High Court orders suspension of psychiatrist over sex-with-patients allegations
THE High Court has ordered the suspension of a psychiatrist after it was discovered he had been found guilty in Canada of sexual misconduct involving three women patients.
Dr Bolarinwa Olutosin Oluwole, who had been working as a locum at a medical centre in Dublin until earlier this month, as well as for the Cavan/Monaghan Mental Health Service earlier this year, was struck off by the College of Physicians and Surgeons (CPS) in Nova Scotia arising out of complaints made against him by the women.
All three had gone to him suffering from anxiety and depression while the he was practising as a consultant psychiatrist at Yarmouth
Regional Hospital, Nova Scotia, from January 2008 to March 2010.
He was struck off by the CPS in October 2012.
According to papers filed in the High Court, one of the women, who was seeking treatment over suicidal thoughts, alleged he took advantage of her by hugging, kissing and touching her, leading to sexual intercourse.
She also alleged he exchanged text messages of a sexual nature as well as gifts.
The second woman complained he commented on her appearance, attempted to hug her and touched her on the knee.
The third woman, who was treated between November 2009 and February 2010, said he touched and fondled her leading to sexual intercourse during appointments. She alleged he gave her a nickname and also gave her a greeting card.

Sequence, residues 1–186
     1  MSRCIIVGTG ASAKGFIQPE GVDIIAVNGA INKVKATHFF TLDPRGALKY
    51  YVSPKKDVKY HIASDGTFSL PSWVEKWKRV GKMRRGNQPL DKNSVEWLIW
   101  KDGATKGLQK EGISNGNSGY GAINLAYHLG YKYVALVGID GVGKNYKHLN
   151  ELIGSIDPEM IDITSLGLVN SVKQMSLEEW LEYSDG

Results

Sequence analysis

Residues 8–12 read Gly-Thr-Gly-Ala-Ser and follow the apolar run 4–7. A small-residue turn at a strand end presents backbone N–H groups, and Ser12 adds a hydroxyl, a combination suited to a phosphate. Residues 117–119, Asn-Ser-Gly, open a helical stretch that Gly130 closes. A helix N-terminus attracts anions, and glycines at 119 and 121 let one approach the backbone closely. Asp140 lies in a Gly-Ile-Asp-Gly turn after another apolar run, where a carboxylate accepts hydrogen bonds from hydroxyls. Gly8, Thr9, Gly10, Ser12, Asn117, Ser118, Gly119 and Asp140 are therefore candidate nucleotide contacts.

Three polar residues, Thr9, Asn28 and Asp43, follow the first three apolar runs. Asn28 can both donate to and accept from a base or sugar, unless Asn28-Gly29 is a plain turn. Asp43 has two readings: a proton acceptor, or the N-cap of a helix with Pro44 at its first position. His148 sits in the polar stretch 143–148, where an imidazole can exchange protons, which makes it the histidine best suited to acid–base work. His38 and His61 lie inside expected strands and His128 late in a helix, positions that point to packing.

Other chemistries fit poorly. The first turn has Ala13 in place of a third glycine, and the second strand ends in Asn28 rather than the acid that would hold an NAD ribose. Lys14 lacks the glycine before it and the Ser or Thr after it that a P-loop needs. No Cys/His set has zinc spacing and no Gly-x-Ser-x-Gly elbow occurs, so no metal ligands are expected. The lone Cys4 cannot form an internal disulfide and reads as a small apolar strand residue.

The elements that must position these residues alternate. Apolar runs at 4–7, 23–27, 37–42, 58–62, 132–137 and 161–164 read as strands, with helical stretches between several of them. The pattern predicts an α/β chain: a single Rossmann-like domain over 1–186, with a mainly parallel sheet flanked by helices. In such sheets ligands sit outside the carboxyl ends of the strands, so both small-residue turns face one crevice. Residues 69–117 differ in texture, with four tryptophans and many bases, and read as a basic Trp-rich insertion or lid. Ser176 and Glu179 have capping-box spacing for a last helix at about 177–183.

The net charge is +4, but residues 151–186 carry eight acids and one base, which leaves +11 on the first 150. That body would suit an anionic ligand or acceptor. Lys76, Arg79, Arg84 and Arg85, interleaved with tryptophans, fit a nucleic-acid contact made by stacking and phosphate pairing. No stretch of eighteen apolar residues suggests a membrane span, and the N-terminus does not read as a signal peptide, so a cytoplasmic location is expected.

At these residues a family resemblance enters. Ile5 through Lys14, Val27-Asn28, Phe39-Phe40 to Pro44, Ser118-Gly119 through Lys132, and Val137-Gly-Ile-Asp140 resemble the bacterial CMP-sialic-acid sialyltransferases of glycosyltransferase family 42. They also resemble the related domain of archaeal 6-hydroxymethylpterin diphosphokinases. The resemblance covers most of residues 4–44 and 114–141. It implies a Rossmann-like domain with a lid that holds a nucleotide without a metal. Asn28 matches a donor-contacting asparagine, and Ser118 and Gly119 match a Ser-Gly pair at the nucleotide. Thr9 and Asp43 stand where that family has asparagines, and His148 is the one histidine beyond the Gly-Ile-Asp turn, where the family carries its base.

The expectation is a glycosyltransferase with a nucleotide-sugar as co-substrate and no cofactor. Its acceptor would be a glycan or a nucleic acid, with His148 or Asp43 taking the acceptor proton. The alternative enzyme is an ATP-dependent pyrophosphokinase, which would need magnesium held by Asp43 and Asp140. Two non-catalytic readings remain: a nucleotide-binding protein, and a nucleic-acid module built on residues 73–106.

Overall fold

Authorities at Yarmouth Hospital also found a CD of sexually explicit photographs of a woman along with condoms, sexual lubricant and a greeting card in his desk, the report of the CPS hearing into his misconduct stated.
Dr Oluwole, who graduated in medicine in Ibadan University in Nigeria, admitted sexual misconduct in a settlement agreement at the CPS hearing but denied having sex with the women.
He came to Ireland where he had previously been registered but his name had been removed for non-payment of fees. He had re-applied for registration to the Medical Council but on his application form, he failed to disclose, as he was obliged to, that he had been struck off in another jurisdiction.
Last February, the Medical Council obtained a High Court order suspending him but his identity or any details of the case were not revealed by order of the court.
Today, the President of the High Court, Mr Justice Nicholas Kearns, lifted the order on naming him and continuing his suspension until
further notice. He also gave liberty to the Medical Council to notify
the Minister for Health and the HSE of the order.